Deep Fried Turkey: How to Have Fun, and Avoid Fires and Other Mishaps
Seems like every year more people deep fry their Thanksgiving turkeys. I love deep-fried turkey. The frying part can be pretty dangerous though, and we are always saddened to learn of insurance claims filed as a result. Either someone is seriously injured, or a house burns down. According to the U.S. Fire Administration (USFA), nearly 4,300 fires occur on Thanksgiving causing 15 deaths and almost $27 million in property damage, many of them due to deep frying accidents.
The number one rule of turkey frying? Deep fry turkeys outside, completely away from buildings and materials that can burn.
Number two? Always keep animals and children away from the fryer so they don't get burned and don't accidentally knock the fryer over.
Guideline for How Much Oil to Use When Deep Frying Your Thanksgiving Turkey
Most deep fried turkey recipes call for peanut, corn or canola oil, but they don't tell you how much oil is necessary. By the way, using too much oil, is an easy way to start a fire - when the turkey goes in the fryer, oil spills over and catches fire. Here is a simple way to figure out how much oil to use:
~ Place the turkey in pot
~ Fill with water until there's 1/2" over the top of the turkey
~ Remove and dry your turkey (a wet turkey can cause oil to splatter latter)
~ Mark the water level. Dump water, dry the pot, and fill with oil to the marked level
The U.S. Consumer Product Safety Commission (CPSC) says that most turkey frying accidents occur while the oil is being heated, prior to even adding the turkey. This means we must be extra careful when heating the oil. If you see any smoke at all, turn the fryer off. Sorry, but starting over is preferred over starting a fire, right?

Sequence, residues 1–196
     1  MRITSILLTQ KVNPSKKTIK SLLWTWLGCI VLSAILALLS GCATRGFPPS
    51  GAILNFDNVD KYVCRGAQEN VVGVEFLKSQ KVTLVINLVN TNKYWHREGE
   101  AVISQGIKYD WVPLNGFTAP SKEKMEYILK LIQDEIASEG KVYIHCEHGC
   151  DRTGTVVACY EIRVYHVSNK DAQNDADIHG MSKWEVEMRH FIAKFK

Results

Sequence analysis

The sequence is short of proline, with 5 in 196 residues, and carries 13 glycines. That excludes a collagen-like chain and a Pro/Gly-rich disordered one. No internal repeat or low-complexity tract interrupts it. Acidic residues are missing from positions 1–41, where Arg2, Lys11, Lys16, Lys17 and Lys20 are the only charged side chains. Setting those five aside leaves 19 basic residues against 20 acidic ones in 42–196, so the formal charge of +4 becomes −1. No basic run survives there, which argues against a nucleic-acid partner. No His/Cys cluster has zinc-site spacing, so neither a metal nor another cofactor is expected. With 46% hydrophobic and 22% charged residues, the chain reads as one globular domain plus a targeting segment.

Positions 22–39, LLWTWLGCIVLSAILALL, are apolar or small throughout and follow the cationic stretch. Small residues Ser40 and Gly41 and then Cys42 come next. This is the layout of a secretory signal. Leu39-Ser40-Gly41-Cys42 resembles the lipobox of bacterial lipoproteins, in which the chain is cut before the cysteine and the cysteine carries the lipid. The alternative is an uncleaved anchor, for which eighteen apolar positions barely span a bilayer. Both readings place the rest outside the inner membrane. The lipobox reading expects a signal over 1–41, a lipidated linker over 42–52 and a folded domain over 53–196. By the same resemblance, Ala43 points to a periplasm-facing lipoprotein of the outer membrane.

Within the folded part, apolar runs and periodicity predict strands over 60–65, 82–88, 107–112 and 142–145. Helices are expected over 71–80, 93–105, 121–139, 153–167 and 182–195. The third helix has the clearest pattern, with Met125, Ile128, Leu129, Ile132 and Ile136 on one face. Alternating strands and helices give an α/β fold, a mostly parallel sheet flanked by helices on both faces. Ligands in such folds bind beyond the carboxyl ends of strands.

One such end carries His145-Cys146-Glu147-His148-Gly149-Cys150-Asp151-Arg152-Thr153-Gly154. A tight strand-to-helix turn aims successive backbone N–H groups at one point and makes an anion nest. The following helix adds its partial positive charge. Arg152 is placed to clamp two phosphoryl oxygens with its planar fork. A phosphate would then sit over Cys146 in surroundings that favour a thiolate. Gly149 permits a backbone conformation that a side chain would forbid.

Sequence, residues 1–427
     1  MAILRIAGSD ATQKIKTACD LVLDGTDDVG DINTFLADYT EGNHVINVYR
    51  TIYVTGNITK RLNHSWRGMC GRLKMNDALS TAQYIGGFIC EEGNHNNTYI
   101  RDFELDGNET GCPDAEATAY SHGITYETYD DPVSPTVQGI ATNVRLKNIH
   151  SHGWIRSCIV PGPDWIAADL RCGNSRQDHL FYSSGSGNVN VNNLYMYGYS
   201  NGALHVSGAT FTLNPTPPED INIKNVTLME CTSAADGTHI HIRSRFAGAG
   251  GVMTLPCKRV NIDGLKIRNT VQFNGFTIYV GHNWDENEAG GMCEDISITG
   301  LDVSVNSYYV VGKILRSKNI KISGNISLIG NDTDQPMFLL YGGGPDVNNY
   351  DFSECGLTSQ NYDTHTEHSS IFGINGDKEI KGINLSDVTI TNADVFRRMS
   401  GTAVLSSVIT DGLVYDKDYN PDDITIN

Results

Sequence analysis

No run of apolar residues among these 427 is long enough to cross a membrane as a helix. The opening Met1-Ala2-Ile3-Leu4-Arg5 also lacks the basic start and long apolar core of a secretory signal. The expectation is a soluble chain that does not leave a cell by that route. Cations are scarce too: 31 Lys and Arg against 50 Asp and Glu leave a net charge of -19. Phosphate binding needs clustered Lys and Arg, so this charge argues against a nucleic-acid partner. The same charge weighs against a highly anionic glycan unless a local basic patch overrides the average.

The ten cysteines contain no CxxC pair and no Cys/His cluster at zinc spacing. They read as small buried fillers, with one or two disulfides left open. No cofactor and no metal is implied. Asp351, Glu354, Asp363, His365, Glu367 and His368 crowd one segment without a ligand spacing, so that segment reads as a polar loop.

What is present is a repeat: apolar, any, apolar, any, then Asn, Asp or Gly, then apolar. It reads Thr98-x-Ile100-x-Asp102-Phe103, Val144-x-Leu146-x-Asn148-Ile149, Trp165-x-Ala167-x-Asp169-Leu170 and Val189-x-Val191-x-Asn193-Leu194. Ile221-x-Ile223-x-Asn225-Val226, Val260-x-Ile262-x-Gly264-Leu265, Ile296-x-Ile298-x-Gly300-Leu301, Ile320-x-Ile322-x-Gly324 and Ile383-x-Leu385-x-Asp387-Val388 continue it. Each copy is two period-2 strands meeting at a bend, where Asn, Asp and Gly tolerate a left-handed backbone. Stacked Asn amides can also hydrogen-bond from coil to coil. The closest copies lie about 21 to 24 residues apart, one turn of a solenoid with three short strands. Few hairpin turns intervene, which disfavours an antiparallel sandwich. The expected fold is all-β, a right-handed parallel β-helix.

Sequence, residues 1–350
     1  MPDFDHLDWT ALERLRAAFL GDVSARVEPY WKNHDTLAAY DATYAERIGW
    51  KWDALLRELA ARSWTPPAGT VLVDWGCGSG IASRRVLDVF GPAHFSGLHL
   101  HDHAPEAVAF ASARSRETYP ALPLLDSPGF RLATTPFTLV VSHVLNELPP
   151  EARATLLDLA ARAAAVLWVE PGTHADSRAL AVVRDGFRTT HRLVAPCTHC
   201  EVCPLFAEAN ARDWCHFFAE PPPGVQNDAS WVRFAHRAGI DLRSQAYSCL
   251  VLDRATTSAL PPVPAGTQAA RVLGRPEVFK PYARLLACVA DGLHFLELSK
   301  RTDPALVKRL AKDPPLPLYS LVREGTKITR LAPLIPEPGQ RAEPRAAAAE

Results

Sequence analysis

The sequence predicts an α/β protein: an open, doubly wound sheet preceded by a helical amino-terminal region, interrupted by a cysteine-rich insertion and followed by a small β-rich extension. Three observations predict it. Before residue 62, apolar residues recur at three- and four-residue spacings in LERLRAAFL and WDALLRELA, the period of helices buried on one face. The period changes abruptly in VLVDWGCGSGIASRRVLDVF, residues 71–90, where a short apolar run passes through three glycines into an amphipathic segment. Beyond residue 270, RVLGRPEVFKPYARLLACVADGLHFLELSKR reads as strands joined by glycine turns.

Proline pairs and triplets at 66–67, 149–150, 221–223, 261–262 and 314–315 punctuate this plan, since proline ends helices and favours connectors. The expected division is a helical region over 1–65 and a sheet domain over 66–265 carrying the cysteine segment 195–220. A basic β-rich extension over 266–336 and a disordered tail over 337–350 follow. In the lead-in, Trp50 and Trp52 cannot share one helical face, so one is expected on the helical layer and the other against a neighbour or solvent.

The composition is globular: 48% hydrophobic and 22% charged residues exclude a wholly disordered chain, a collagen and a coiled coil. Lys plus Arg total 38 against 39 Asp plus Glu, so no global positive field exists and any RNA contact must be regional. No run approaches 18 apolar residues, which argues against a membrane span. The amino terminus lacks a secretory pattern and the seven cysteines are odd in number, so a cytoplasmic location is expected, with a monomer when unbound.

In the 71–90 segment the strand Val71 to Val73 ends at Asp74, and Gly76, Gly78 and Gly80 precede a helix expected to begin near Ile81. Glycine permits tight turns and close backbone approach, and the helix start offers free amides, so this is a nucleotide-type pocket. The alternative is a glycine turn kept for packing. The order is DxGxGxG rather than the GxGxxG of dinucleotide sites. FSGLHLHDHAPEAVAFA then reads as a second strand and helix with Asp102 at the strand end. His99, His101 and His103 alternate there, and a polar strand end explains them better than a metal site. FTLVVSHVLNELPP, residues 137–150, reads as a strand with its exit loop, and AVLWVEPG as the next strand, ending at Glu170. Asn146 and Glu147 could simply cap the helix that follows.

Safety First - Burning Down the House is not a Thanksgiving Memory you Want to Create
Here are some safety tips from the CPSC for making your own delicious deep fried Thanksgiving turkey, without burning your house down:
~ NEVER leave a fryer unattended
~ Put your turkey fryer in an open area AWAY from all walls, fences, or other structures
~ Never use your fryer IN, ON, or UNDER a garage, breezeway, carport, porch, or any structure that can catch fire
~ Completely thaw (USDA says 24 hours for every 4 to 5 pounds) and dry turkey before cooking. Partially frozen and/or wet turkeys can produce excessive hot oil splatter when added to the oil.
~ Center the pot over the burner on the cooker
~ Raise and lower food SLOWLY to reduce splatter and avoid burns
~ COVER bare skin when adding or removing food
~ Check the oil temperature frequently
~ If oil begins to smoke, immediately turn gas supply OFF.
~ If a fire occurs, immediately call 911. DO NOT attempt to extinguish fire with water.
To make sure your home is properly protected from flaming birds this Thanksgiving, check your homeowner's insurance policy. Looking to switch policies and save on your premium? Give us a call or click for a no-obligation, updated homeowners insurance quote.